How Children and Adults Represent God's Mind

Larisa Heiphetz*, Jonathan D. Lane, Adam Waytz, Liane L. Young

*Corresponding author for this work

Research output: Contribution to journalArticlepeer-review

66 Scopus citations


For centuries, humans have contemplated the minds of gods. Research on religious cognition is spread across sub-disciplines, making it difficult to gain a complete understanding of how people reason about gods' minds. We integrate approaches from cognitive, developmental, and social psychology and neuroscience to illuminate the origins of religious cognition. First, we show that although adults explicitly discriminate supernatural minds from human minds, their implicit responses reveal far less discrimination. Next, we demonstrate that children's religious cognition often matches adults' implicit responses, revealing anthropomorphic notions of God's mind. Together, data from children and adults suggest the intuitive nature of perceiving God's mind as human-like. We then propose three complementary explanations for why anthropomorphism persists in adulthood, suggesting that anthropomorphism may be (a) an instance of the anchoring and adjustment heuristic; (b) a reflection of early testimony; and/or (c) an evolutionary byproduct.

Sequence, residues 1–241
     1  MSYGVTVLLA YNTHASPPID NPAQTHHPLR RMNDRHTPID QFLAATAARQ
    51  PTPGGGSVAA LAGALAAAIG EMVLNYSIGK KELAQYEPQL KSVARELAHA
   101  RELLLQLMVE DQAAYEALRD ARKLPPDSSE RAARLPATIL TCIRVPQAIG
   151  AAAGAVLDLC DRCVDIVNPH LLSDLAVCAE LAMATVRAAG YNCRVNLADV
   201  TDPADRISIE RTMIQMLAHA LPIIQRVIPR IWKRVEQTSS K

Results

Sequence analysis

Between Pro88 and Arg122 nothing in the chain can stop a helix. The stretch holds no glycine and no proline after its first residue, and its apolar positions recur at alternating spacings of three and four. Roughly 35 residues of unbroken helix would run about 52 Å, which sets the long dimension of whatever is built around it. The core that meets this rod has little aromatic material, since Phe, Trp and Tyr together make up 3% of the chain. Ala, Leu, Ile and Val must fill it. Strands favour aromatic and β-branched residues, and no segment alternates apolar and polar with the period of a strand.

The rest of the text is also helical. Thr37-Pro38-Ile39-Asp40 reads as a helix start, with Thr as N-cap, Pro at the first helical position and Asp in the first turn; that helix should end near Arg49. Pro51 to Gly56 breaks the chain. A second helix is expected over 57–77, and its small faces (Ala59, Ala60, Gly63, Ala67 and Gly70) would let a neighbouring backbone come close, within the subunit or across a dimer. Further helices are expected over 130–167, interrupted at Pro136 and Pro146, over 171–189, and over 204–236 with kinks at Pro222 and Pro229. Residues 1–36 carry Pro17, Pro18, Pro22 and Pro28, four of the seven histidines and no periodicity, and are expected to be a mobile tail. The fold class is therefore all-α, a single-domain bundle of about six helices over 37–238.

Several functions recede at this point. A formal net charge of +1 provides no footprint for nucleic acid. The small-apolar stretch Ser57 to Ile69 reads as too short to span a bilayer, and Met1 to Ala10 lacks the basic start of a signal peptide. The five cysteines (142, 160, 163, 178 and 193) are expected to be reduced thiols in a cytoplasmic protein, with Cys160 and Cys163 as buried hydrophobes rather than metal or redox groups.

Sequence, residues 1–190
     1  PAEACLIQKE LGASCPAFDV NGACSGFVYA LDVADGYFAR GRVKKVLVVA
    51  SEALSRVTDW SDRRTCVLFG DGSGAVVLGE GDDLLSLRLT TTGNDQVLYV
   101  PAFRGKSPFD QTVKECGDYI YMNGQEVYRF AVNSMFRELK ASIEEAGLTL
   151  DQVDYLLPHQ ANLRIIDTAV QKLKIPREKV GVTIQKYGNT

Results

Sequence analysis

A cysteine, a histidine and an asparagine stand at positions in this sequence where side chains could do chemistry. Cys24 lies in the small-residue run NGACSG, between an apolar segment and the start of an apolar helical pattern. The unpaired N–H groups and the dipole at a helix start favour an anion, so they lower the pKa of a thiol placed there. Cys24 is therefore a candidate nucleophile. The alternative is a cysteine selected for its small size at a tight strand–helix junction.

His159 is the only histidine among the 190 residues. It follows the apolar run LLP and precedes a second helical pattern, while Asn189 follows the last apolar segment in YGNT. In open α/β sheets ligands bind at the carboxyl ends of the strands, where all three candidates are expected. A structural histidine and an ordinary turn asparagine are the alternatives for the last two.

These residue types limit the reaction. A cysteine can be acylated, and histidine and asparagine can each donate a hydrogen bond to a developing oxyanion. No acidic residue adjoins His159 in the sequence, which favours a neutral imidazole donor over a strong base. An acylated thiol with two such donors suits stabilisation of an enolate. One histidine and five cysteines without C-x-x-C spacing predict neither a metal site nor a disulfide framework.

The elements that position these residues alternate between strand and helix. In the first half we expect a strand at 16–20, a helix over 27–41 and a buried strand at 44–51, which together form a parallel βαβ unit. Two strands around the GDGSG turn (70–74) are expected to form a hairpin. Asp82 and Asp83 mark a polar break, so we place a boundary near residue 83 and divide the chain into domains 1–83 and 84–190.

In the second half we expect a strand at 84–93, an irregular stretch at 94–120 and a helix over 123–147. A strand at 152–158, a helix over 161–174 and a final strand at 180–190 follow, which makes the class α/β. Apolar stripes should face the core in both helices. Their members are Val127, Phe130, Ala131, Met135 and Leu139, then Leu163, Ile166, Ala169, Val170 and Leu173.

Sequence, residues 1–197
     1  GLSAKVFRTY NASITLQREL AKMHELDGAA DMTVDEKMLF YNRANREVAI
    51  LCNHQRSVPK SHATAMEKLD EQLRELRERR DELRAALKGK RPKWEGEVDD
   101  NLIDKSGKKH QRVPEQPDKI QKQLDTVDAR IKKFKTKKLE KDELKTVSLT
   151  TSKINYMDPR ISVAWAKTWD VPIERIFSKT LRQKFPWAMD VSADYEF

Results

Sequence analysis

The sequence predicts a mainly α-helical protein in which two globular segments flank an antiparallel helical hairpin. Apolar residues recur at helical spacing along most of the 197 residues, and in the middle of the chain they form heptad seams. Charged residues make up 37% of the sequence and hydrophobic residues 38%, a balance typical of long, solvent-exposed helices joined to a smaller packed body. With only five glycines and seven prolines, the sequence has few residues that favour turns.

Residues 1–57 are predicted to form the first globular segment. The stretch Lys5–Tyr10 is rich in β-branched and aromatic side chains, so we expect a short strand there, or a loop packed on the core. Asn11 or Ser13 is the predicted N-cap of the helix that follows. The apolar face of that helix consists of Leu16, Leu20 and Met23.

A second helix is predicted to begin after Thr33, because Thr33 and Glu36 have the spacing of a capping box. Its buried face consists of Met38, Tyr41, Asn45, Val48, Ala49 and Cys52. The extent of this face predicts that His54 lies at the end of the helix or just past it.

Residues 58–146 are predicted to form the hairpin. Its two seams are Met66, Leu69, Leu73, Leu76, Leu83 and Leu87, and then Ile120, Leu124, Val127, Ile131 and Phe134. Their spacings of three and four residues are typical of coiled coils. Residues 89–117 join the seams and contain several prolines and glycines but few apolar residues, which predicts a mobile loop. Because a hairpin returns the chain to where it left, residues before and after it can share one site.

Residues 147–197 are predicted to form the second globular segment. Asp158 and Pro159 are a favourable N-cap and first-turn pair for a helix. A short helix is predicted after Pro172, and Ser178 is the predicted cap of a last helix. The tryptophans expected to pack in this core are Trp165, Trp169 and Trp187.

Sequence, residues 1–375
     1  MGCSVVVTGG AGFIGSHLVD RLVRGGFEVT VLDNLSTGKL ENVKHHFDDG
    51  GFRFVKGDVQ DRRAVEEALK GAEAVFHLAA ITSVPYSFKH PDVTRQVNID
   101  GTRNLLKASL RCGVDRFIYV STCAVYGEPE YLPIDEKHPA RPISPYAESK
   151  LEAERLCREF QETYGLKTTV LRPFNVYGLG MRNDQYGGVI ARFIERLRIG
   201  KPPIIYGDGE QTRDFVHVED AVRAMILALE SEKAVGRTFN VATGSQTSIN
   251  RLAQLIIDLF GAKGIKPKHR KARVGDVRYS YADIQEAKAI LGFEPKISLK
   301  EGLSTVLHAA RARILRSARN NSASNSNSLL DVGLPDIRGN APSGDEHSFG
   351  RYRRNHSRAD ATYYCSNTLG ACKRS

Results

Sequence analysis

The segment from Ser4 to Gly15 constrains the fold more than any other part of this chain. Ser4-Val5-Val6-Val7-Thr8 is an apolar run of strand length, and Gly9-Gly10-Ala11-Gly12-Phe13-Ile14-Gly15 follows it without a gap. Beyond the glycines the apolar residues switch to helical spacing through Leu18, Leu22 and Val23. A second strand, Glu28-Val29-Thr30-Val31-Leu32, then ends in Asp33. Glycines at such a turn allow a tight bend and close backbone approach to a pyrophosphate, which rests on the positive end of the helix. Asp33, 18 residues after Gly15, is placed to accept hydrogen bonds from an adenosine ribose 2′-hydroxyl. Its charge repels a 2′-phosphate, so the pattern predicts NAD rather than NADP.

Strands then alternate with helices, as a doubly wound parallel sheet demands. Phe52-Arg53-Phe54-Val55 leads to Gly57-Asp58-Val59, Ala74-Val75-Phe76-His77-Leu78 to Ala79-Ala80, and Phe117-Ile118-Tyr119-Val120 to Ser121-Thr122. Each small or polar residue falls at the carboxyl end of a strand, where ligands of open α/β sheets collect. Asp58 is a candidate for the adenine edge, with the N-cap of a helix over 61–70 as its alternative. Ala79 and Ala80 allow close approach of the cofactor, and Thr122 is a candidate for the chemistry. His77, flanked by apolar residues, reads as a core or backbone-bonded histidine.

Original languageEnglish (US)
Pages (from-to)121-144
Number of pages24
JournalCognitive Science
Issue number1
StatePublished - Jan 1 2016


  • Anthropomorphism
  • Religious cognition
  • Social cognition
  • Social cognitive development
  • Theory of mind

ASJC Scopus subject areas

  • Experimental and Cognitive Psychology
  • Artificial Intelligence
  • Cognitive Neuroscience


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